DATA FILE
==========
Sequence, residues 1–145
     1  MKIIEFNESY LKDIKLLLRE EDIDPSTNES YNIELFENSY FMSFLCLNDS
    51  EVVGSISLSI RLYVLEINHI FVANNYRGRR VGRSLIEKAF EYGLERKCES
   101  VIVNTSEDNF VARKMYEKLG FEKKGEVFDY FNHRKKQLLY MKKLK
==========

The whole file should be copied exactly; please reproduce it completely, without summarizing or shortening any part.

Sequence, residues 1–145
     1  MKIIEFNESY LKDIKLLLRE EDIDPSTNES YNIELFENSY FMSFLCLNDS
    51  EVVGSISLSI RLYVLEINHI FVANNYRGRR VGRSLIEKAF EYGLERKCES
   101  VIVNTSEDNF VARKMYEKLG FEKKGEVFDY FNHRKKQLLY MKKLK